Since PowerShell 2.0 and WinRM 2.0 go hand in hand, Microsoft has bundled them up together along with a new version of BITS (Background Intelligent Transfer Service) 4.0, making a single package known as the Windows Management Framework. Although this collection makes some sense if you know the background, there can be some confusion if an administrator is searching for the download of PowerShell 2.0, ends up at the homepage for the Windows Management Framework ( and wonders what the heck that is. Well, now you know!

The components of the Windows Management Framework are already installed with both Windows Server 2008 R2 and Windows 7, althoughWinRM 2.0 is not enabled by default on Windows 7. The components have also been made available for older OS  versions, and you can download all of those from the homepage of the Windows Management Framework. Essentially, it is available for the various flavours of Windows Server 2008 and 2003, as well as the Windows Vista and XP client operating systems – although BITS 4.0 is not available for Windows Server 2003 or XP. This might sound like a muddle, but in short, it is possible to run remote PowerShell 2.0 sessions both to and from all these different operating systems.

At this point, Unix / Linux administrators might be sitting back and chuckling to themselves, saying that they’ve had this since the beginning of time with Telnet / SSH, and wondering what all the fuss is about; and to a certain extent, that is a very fair point. However, the great news for Windows administrators is that you now have a scalable, consistent command line interface which you can use against remote machines – you no longer have anything standing in the way of efficiently managing and automating your systems! Even if this was just an equivalent of SSH, that would be a decent start, but I’m hopefully about to show you that PowerShell remoting is significantly more than that.

Getting Started

First of all, you obviously need to make sure you’ve got a server which meets the requirements for PowerShell 2.0 remoting; either Windows Server 2008 R2 with everything already built-in, or Windows Server 2008 or 2003 with the Windows Management Framework downloaded and installed. Once you’ve got that, configuration for PowerShell 2.0 remoting, if the computer is a member of a domain, is as simple as running this cmdlet…


…which will make all the necessary changes for you. However, if you are operating within a workgroup then you need to make some additional changes. Specifically, if the Operating System is Windows XP then you will need to adjust the Local Security Policy setting (Network Access: Sharing and Security Model for local accounts) to Classic.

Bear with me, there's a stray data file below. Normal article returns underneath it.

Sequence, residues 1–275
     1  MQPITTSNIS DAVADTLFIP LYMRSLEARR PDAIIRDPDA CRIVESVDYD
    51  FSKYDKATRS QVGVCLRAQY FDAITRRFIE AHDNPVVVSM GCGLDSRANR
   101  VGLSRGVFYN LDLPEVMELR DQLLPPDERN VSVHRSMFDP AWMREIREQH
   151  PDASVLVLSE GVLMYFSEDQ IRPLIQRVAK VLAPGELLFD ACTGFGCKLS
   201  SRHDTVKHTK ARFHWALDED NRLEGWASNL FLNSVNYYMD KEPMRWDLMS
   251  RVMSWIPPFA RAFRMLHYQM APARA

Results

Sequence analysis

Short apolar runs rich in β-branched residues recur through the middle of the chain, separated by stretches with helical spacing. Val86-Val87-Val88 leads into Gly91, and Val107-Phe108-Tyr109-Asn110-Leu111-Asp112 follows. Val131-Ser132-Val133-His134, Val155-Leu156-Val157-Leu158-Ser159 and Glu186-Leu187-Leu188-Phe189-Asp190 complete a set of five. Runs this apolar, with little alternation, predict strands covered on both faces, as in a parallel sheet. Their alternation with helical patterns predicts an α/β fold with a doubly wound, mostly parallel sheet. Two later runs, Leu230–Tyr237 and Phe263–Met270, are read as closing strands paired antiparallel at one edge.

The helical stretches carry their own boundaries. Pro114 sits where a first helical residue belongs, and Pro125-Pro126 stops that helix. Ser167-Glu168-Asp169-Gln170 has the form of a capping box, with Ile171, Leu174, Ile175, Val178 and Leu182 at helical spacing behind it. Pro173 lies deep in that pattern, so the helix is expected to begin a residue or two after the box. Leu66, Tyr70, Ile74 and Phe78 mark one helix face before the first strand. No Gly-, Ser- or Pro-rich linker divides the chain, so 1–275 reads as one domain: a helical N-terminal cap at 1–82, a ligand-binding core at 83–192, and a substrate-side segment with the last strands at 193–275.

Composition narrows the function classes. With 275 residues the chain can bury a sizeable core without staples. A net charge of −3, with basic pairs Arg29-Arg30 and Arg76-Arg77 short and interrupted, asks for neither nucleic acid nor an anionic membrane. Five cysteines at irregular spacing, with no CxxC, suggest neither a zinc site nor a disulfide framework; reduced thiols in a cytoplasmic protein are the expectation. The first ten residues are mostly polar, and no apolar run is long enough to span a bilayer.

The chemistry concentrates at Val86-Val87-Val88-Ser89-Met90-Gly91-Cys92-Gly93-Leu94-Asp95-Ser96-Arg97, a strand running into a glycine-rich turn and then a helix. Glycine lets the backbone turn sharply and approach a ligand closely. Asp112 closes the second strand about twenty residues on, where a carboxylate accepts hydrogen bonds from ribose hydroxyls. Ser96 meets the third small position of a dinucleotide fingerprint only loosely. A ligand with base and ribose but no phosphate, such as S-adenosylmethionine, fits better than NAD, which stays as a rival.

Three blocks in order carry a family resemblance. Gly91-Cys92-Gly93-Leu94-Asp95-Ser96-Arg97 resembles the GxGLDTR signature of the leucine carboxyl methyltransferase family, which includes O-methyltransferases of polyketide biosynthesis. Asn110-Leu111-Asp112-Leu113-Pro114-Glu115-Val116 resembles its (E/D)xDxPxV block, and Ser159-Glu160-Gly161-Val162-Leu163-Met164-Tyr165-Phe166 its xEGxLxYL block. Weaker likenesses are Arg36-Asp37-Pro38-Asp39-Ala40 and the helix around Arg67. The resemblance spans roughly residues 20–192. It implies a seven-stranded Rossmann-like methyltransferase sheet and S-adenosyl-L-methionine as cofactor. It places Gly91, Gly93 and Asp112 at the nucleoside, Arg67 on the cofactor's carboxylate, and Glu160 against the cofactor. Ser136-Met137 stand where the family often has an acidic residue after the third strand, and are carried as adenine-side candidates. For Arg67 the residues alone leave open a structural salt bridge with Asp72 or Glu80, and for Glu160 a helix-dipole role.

Then, for any Windows Operating System, including Windows XP, you will need to add the names of the remote computer(s) into the TrustedHosts setting of WinRM. You can do this using the PowerShell command below:

Note: You will need to run the Enable-PSRemoting cmdlet from a PowerShell session with elevated privileges, i.e. Run as administrator.


Fig. 3 – running the PowerShell cmdlet with elevated privileges


Fig. 4 – Enable-PSRemoting initially runs Set-WSManQuickConfig

You can see from the screenshot above that the Enable-PSRemoting cmdlet actually initially runs the Set-WSManQuickConfig cmdlet, which in turn is one of the new cmdlets I mentioned previously that have been included as part of PowerShell 2.0 for working with WS-Management. Set-WSManQuickConfig will carry out four steps:

  1. Start or restart (as necessary) the WinRM service
  2. Set the WinRM service startup type to be Automatic
  3. Create a listener to accept requests on any IP address
  4. Enable a firewall exception for WS-Management traffic (known as Windows Remote Management)


Fig. 5 – The Firewall exception for WS-Management traffic

You will receive confirmation of what has been carried out in each step.


If you are running on a 64bit machine, then you will be prompted to additionally create a 32bit session configuration – accept this, and then your configuration will be complete. In addition to the WS-Management configuration, to ensure that all registered Windows PowerShell session configurations will have been enabled to receive instructions from a remote computer, the following steps will have also been taken:

  1. Registered the Microsoft.PowerShell session configuration, if it is not already registered.
  2. Registered the Microsoft.PowerShell32 session configuration on 64-bit computers, if it is not already registered.
  3. Removed the “Deny Everyone” setting from the security descriptor for all the registered session configurations.
  4. Restarted the WinRM service to make the preceding changes effective.

So quite a lot has been configured, but it’s all been made nice and easy for the administrator in one short command.